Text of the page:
1997, february 1 - 26 - unionists strike again for democratic rights
the 83,000-strong swaziland federation of trade unions (sftu) ended an incredible 26 day general strike after the government released four imprisoned union leaders. it was part of an ongoing, union-led struggle for basic democratic rights in swaziland. the strike began with a 48 hour general strike to force the government to introduce basic democratic rights in swaziland. the government's reply was to arrest four union leaders on the eve of the strike, provoking the sftu to extend the general strike indefinitely.
although the strike was eventually called off, workers have promised monthly two-day strikes to force change. the union leaders are currently suing for wrongful arrest. an important development in the strike was international support: cosatu, south africa's coalition of unions, organised rallies and border blockades, whilst the international confederation of free trade unions called for protests from its members in 137 countries. the swazi government, ruled by absolute monarchy, continues to try to ban the activities of the sftu and 17 other union organizations.
more coverage is also available from the africa policy information center.
1996, january 22 - ? - general strike met with government repression
police fired tear gas and rubber bullets at protesters in the two main cities of swaziland on tuesday, the second day of a nationwide strike called to demand democratic reforms. labor leaders said at least six demonstrators were injured in the clashes at the capital of mbabane and the industrial center of manzini. police said demonstrators shot and critically wounded two officers. soldiers and police patrolled the two cities, while supporters waited outside a mbabane courthouse for news of three strike organizers who were arrested monday under an anti-strike law passed earlier that day.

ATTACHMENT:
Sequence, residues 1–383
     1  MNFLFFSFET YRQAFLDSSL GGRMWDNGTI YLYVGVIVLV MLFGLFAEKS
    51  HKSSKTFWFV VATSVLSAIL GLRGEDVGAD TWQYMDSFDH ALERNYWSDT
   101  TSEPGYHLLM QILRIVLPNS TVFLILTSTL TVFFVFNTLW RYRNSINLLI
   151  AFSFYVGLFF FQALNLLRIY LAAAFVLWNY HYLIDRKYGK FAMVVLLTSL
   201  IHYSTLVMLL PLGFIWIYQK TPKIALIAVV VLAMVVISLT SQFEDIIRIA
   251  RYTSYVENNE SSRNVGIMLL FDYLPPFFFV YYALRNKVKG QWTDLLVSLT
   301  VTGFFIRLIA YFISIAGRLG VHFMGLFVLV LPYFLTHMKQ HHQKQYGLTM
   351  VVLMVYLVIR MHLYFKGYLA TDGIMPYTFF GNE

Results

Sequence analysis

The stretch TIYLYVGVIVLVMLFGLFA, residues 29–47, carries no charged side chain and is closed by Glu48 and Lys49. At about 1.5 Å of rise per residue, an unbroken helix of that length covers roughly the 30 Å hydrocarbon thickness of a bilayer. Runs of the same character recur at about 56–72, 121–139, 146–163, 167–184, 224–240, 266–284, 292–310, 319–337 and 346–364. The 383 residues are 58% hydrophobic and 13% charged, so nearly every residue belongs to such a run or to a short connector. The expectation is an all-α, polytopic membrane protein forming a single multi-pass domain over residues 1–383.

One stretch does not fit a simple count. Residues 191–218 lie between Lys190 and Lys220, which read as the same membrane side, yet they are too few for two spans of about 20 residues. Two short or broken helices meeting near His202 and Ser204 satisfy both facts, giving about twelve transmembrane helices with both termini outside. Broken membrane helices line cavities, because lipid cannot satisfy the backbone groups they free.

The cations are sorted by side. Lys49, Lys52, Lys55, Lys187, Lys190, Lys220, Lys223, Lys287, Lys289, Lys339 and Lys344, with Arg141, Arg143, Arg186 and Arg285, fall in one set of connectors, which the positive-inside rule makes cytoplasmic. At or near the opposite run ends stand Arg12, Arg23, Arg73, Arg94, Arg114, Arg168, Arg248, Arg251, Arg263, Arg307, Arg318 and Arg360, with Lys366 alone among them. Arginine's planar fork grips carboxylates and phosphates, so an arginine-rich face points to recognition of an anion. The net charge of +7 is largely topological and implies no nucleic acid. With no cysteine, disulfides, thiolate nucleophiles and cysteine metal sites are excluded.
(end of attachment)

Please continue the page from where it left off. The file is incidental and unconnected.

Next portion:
shops, factories and utilities remained shut down tuesday, said vusi ginindza, news editor of the independent times of swaziland newspaper. labor unions are calling on king mswati iii's government to legalize political parties banned since 1972. swaziland, sandwiched between south africa and mozambique, has enjoyed relative peace and stability under its non-party political system. mswati rules by virtual decree, with the government rubber-stamping his decisions. political leaders are chosen through a complex system of public meetings. while most swaziland citizens respect the monarchy, a vocal pro-democracy movement comprising labor unions and university students has pushed for changes in line with western principles spreading through other parts of africa.
"the strike will continue until the government agrees to the unions' demands, which include creation of a constitutional assembly to begin the shift to a multiparty system," jan sithole of the swaziland federation of trade unions said before his arrest. sithole, the union federation's secretary general; richard nxumalo, the federation's president; and jabulani nxumalo, the assistant secretary-general, were detained under the new industrial relations law, which includes stiff jail sentences and fines for organizing and inciting illegal strikes. "the three were charged with public violence and could be held without a trial," said their lawyer, paul shilubane.
from the world history archives, published by hartford web publishing.
due to the short attention span of most news media, additional information about this strike has been difficult to find. if you have information about when and how this event concluded, please e-mail me.
1994, january - general strike to demand union and political rights
the swaziland federation of trade unions (sftu) launched a 2-day general strike in support of 27 demands for more union rights, affirmative action, and basic political rights. this was followed by a strike wave that rocked shop floors across the country. most were successful. however, the government failed to take negotiations over the 27 demands seriously.
the world : africa : swaziland